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Publications

This summary covers key messages from the project, method, views from the kōrero ā - whānau and wānanga, and where to from here.

This is the first report from a 3-year (2012–2015) kaupapa Māori research project that investigates how best to support the continuity of reo Māori development of whānau as they transition between kōhanga reo, kura kaupapa primary, wharekura, secondary and beyond.

In 1973, lead by Dr Richard Benton, the newly established NZCER Māori Research Unit (Te Wāhanga Kaupapa Māori), embarked on the first sociolinguistic survey of te reo Māori in New Zealand.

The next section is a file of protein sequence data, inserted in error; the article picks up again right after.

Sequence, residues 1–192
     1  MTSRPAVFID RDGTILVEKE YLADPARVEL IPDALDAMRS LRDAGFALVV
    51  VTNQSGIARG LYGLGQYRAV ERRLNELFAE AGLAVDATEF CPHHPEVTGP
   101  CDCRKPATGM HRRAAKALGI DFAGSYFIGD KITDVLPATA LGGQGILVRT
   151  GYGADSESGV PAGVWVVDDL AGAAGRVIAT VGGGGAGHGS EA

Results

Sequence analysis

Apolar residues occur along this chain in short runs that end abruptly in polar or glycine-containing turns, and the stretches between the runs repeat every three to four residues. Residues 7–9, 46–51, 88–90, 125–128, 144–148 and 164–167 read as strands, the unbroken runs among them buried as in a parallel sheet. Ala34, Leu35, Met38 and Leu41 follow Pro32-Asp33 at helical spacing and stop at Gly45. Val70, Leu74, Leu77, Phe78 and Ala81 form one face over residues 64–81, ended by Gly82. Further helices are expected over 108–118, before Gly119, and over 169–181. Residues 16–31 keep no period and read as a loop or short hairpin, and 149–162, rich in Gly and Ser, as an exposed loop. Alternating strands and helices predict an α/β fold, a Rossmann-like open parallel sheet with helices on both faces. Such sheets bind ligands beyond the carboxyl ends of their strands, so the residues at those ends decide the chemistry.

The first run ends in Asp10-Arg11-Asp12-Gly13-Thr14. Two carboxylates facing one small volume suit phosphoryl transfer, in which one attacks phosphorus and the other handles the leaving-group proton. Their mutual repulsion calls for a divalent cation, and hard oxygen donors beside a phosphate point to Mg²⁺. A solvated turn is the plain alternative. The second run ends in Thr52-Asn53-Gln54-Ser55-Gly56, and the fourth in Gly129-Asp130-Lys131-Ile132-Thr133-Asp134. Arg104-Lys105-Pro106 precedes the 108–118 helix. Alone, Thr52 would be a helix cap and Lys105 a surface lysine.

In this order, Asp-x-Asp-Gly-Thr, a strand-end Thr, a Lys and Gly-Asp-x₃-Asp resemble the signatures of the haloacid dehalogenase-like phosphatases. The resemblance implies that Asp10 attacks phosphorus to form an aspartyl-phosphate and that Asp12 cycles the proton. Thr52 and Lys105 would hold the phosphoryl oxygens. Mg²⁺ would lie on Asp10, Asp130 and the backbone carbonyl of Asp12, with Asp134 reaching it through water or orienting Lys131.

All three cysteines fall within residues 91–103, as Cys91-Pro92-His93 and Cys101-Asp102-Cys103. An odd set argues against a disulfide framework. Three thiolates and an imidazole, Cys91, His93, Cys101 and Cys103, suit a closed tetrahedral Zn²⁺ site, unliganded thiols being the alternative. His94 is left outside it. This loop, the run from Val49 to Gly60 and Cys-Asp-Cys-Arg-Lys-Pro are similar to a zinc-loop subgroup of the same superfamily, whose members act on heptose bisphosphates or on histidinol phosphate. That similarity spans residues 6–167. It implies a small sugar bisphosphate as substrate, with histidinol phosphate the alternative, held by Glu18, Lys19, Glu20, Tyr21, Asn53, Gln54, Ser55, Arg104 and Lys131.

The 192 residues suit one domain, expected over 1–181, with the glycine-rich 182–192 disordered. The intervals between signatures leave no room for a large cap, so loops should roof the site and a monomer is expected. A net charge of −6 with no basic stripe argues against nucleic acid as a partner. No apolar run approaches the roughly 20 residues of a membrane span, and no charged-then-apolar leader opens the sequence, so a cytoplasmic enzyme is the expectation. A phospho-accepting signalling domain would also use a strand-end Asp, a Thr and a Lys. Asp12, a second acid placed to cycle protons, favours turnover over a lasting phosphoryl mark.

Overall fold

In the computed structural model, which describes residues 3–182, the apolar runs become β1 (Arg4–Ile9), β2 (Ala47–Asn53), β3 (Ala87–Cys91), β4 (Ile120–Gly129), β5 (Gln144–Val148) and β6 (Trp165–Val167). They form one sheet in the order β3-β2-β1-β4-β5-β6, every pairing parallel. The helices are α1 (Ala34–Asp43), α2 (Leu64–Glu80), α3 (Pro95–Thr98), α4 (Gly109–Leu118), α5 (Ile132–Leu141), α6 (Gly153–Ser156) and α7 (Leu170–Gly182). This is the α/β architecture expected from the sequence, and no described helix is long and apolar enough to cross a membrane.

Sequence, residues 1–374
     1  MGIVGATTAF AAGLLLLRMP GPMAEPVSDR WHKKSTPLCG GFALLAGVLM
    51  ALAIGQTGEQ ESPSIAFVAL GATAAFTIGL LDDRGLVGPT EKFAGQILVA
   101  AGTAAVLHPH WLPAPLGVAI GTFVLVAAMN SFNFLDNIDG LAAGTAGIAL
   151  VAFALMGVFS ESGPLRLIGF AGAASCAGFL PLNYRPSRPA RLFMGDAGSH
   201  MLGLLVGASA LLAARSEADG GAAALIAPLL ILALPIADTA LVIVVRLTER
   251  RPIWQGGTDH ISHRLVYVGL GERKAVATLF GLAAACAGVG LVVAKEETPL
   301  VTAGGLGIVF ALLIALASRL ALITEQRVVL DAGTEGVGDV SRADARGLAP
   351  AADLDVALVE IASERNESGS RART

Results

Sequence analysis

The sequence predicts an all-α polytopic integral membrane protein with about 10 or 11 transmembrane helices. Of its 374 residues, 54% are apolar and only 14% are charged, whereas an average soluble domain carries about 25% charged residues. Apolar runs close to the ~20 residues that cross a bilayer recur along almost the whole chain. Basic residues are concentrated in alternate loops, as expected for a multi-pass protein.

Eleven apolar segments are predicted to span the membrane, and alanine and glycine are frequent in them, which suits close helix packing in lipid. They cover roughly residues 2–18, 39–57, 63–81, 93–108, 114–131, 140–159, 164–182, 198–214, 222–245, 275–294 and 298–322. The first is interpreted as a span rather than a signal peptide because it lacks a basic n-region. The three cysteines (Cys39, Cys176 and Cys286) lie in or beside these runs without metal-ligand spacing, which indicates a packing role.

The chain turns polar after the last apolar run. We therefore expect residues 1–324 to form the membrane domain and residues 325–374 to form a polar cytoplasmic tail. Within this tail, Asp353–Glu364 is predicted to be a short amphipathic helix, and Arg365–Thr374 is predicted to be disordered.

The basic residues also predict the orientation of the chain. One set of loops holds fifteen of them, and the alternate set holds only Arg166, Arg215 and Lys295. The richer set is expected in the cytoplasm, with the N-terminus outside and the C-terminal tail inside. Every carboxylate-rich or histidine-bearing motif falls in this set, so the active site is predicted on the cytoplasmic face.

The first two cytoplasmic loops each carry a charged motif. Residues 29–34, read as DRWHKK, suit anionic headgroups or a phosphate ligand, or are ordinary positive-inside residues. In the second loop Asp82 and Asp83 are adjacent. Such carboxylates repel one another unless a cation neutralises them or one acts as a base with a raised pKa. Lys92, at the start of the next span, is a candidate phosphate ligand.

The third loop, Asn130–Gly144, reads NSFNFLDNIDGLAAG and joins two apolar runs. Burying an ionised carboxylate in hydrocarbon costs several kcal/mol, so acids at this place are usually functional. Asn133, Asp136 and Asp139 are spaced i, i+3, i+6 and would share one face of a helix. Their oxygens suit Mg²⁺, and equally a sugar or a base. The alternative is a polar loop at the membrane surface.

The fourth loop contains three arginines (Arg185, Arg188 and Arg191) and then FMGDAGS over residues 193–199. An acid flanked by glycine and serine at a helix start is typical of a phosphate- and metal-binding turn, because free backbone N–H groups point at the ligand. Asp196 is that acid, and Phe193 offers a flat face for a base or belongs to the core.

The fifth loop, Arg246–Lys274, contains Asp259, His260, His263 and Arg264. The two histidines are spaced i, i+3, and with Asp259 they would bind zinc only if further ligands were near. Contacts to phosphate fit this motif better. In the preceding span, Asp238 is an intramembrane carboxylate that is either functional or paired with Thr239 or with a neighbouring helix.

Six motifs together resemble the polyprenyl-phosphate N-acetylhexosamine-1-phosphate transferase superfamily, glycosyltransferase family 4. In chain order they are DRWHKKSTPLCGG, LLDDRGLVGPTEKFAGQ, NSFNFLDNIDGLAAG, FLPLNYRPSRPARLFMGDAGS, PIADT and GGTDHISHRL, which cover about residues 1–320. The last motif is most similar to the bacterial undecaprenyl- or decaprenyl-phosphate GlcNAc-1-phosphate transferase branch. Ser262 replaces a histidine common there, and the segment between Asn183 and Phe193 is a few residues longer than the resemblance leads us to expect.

He mea tuhi nā Nicola Bright, Maraea Hunia, Basil Keane me Hinerangi Edwards, Kiwa Hammond me Rachel Felgate, Cathy Wylie

I te tuatahi, ko te rīpoata Hapori hoki o Rūātoki mā ngā tāngata ake o Rūātoki. Ka whakaata ake tēnā i ngā kōrero mai a ngā whānau me ngā pou reo mō te hauora o te reo Māori ki roto i te whārua, me ōna hua ki ngā whānau o Rūātoki.

He mea tuhi nā Nicola Bright, Maraea Hunia, Basil Keane me Lynne Harata Te Aika me Rachel Felgate, Cathy Wylie.

He mea tuhi nā Nicola Bright, Maraea Hunia, Basil Keane me Vini Olsen-Reeder me Waitiahoaho Emery me Rachel Felgate, Cathy Wylie.

Whānau are integral to the educational wellbeing of Māori students in English-medium education. However, very little Māori educational research has been carried out with an explicit focus on identifying the critical issues for whānau in education.

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